If a broker holds a banking licence himself and manages the customer funds himself or if the bank entrusted with the custody becomes insolvent, the statutory deposit insurance should take effect. An EU directive requires member states to maintain a national deposit insurance scheme that covers assets up to €100,000 per customer in the event of insolvency (in EU member states outside the euro monetary union, other limits may apply) without a deductible.
However, the statutory deposit insurance is not an unconditionally trustworthy guarantee.
- It does not constitute a legal claim against a state.
- States can also become insolvent – the Cyprus crisis in spring 2013 has made this clear most recently for one of the largest CFD broker locations in Europe.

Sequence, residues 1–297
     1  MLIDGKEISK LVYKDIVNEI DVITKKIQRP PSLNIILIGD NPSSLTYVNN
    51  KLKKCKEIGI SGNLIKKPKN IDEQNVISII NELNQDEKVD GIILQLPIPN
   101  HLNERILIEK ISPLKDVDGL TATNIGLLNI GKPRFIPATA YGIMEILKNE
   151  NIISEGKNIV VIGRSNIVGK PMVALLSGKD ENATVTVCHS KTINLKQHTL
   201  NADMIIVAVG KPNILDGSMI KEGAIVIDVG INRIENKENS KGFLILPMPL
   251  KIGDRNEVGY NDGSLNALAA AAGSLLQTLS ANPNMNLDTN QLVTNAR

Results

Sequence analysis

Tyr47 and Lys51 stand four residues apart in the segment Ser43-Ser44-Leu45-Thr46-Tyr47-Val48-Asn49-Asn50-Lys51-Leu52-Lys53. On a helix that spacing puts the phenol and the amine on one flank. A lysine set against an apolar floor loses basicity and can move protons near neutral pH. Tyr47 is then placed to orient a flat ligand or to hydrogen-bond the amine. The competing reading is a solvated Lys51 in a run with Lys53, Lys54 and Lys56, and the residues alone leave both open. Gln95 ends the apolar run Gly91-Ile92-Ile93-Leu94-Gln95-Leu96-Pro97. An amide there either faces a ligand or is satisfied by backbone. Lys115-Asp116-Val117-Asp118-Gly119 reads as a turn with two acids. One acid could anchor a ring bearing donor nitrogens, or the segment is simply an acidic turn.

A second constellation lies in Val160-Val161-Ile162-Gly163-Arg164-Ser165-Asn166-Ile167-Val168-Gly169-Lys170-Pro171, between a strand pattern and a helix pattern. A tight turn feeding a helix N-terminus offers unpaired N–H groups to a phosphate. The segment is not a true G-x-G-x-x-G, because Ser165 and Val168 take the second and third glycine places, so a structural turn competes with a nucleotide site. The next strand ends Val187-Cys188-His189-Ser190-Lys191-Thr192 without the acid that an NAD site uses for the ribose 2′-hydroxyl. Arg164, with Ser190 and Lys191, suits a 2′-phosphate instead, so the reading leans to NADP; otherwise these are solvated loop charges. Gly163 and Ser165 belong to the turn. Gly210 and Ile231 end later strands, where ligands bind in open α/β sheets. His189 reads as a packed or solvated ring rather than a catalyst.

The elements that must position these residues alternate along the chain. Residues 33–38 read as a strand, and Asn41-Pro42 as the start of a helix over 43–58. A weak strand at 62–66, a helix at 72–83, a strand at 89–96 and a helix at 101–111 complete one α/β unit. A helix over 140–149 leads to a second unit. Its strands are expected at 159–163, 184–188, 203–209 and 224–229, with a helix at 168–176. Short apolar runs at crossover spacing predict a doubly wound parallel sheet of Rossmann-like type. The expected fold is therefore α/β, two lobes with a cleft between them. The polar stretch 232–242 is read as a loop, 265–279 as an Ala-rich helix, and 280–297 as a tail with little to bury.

- Investors should therefore also take into account the state of a country’s financial sector as well as the state of public budgets. Most Cypriot-based brokers have switched to depositing client funds with banks in Germany or the UK.
These funds are then not at risk in the event of possible turbulence in the Cypriot financial sector. By definition, deposit insurance does not cover claims of investors against brokers from open CFD transactions. In principle, these claims flow into the insolvency estate in the event of the broker’s insolvency. Customers of the FX Direktbank, which became insolvent at the end of 2012, were at least partially compensated by the Entschädigungseinrichtung der Wertpapierhandelsunternehmen (EdW).